Ed: No, no, no. No, I know. I’m just going to grab some cereal.
Italo: Yeah, yeah. Don’t worry. We’ll wait.
[ Pause - brief conversation between Italo and Marcos ]
Ed: Sorry guys...
Italo: No, don't worry, it's okay. We have plenty of time.
Italo: So, um, more about the songwriting process: usually most songs... I mean, what we understand is that most songs come up from original ideas from Thom...
Italo: ... and...
Ed: ... and sometimes Thom and Jonny.
Italo: Thom and Jonny? Cool.
Italo: So, um, is there any... you know, you said you have several songs...
Italo: ...of your own that you might put into a solo record. The same happens with Phil I guess.
Italo: I mean, why have... I mean, have you suggested any of your songs at some point? I understand stuff like "Lull" is from you?
Ed: Yeah, yeah, that's right.
Italo: “Meeting in The Aisle”, too?
Ed: Uh... yeah... I mean, it’s... And what?
Italo: “Meeting in the Aisle”?
Ed: Um, and what?
Italo: “Meeting in The Aisle”.
Ed: “Meeting in The Aisle”, yeah.
Ed: Yeah. Yeah, now... I mean, it's a kind of a tricky one, because when you've got somebody who writes songs as good as Thom...
Ed: ... you kind of don't... I mean, I'm kind of one of those people who goes, "Oh, it's not necessary, it's not as good," but, I'm kind of... Yeah! My idea is--and I think when we're going to record next, and what we're going to do is--I want to bring more ideas to the table, I've got more ideas! And, I was just down in New Zealand with Phil, we were doing Seven Worlds Collide, and that was great... and, you know, the songs...
Italo: Did you suggest a song of your own for that, or just Phil?
Ed: Yeah! Two.
Italo: Two songs of your own...
Ed: Yeah, but they were sorts of, they were chords, and stuff like that. And, and one other song, I'm really proud of, because I, basically I had the melodies and the chords written, but I needed to arrange it, and I needed... I didn't have a vocal melody and I... I basically sat down with Johnny Marr, who is a big...
Ed: ...he's like my older brother, and I said, ‘Johnny, I've got this thing’, and he said ‘Oh really?’ And, Johnny's such an amazing arranger, he'd go: ‘Yeah, that bit: start with that bit, try that bit there’. And then he came up with the... he did a complementary guitar part, and it was sounding amazing, and then Neil Finn came and did a vocal, had a vocal idea, and his son Liam--Liam Finn--did the chorus bit, and it's just like ‘Fuck! This is great...!’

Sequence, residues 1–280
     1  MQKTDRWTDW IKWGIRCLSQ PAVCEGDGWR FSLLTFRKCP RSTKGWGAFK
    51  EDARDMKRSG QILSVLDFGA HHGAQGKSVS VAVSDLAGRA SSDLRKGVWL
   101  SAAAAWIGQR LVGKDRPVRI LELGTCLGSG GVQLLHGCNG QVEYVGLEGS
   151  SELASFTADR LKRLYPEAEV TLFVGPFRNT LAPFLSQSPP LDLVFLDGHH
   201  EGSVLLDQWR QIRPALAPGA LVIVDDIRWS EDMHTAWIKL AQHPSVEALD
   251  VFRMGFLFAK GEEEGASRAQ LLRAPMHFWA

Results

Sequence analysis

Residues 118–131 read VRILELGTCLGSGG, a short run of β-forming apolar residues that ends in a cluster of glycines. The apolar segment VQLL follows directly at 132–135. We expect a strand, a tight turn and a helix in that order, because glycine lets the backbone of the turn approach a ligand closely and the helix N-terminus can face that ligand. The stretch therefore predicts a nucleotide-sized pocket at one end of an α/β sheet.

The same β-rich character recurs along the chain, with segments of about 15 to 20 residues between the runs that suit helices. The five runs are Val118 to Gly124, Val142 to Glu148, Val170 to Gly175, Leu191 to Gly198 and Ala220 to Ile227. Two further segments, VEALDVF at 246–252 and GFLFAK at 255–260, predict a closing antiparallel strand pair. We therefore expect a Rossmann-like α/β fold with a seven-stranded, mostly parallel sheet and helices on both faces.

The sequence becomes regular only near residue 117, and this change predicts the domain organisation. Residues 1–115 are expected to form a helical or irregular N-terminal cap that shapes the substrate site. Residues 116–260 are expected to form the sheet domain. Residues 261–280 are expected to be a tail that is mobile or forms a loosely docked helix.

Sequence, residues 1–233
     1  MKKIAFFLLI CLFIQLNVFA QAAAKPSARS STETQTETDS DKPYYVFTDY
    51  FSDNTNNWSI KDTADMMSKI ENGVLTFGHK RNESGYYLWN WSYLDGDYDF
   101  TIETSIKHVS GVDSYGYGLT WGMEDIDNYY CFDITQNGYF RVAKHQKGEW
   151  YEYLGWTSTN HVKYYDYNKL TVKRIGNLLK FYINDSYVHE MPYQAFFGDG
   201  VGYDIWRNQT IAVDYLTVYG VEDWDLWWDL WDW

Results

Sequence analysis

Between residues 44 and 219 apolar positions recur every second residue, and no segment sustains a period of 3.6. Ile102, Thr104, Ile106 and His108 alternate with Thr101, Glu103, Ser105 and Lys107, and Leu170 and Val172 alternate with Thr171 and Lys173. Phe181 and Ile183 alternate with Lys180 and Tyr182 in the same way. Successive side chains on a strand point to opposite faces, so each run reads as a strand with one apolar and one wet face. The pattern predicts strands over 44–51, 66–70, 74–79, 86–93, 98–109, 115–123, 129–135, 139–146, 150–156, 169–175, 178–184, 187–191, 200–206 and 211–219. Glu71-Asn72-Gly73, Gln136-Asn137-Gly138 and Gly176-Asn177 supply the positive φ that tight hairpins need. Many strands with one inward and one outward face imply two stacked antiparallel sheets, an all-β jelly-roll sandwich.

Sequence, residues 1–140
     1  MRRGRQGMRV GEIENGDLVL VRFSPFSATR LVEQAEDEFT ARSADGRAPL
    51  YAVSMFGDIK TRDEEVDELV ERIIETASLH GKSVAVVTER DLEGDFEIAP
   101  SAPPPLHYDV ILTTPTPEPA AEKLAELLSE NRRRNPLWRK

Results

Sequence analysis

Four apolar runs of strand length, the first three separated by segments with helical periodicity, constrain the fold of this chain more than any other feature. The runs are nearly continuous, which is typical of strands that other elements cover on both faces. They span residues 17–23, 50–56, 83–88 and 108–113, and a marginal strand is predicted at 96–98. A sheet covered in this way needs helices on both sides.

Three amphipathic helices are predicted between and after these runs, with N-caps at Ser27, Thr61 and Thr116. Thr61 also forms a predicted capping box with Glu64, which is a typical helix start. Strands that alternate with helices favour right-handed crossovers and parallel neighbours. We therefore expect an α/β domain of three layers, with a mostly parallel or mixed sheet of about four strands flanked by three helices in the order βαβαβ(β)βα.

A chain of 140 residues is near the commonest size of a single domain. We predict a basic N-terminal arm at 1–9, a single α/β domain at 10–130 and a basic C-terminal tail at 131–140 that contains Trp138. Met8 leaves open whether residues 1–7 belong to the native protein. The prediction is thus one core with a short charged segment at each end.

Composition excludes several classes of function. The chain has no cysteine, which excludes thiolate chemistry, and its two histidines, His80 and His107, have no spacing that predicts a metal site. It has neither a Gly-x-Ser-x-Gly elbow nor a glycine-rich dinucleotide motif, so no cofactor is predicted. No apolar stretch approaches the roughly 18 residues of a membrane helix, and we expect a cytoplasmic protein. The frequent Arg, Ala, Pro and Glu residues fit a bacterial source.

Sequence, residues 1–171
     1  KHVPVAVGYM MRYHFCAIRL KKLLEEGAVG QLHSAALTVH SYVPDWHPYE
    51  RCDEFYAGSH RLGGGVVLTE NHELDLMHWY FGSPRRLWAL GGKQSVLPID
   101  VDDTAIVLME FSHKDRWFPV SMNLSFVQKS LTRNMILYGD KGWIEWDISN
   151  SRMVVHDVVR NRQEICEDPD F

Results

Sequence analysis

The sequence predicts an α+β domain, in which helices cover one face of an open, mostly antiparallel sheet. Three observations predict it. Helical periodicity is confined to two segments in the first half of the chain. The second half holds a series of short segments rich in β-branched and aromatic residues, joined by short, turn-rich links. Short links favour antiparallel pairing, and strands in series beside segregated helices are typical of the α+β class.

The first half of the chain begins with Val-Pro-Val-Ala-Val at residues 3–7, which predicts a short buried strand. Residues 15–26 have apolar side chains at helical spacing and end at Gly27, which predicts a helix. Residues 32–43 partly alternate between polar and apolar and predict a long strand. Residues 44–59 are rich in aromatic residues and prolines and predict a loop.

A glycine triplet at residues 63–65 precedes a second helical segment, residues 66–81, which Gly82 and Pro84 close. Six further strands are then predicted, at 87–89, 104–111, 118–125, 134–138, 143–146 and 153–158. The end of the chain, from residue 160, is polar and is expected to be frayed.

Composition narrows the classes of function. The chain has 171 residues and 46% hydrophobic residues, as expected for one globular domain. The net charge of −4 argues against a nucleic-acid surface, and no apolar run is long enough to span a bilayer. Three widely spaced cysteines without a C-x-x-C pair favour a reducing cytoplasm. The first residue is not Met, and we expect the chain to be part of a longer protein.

Italo: Is it coming on the album you're releasing?
Ed: Yeah. Yeah.
Italo: What's it... what's it called?
Ed: It's called “Learning to Fall”.
Italo: Learning to Fall.
Italo: Great. And Phil's song...
Ed: No, it's called “Learn to Fall”... “Learn to Fall”.
Italo: And Phil's song, is it coming out too?
Italo: What's it called, "Family Madness", or? It might not be...
Ed: I think it's called "The Ties that Bind Us"...
Italo: “The Ties that Bind Us”.
Ed: ...or "Family Madness".
Italo: Something like that, yeah! It appears on like the...
Ed: Yeah... yes.
Italo: So, how do you guys decide, you know--having so many guitars and effects pedals and software to back you up--how do you, you know, come across doing, like, certain sounds, doing certain arrangements for a song? I mean, do you actually, do you have an idea beforehand to include something: do you know your stuff real well to do it, or do you just start jamming around with, you know, toying with your pedals and software and stuff?
Ed: Usually it can be anything. You can either work out the melody or a part, or, the thing happens in the moment, you know, the sound happens, you know, you do... For instance, the end of “Arpeggi” I always remember, we were having trouble with “Arpeggi”, and we were like... We kind of did it in sections. Thom was... We had the drum outro, for the out section, and Thom had the vocal melody. Thom was actually singing it, and it was kind of just relaxed. And I had a sound, and I just sort of started... I was just playing along.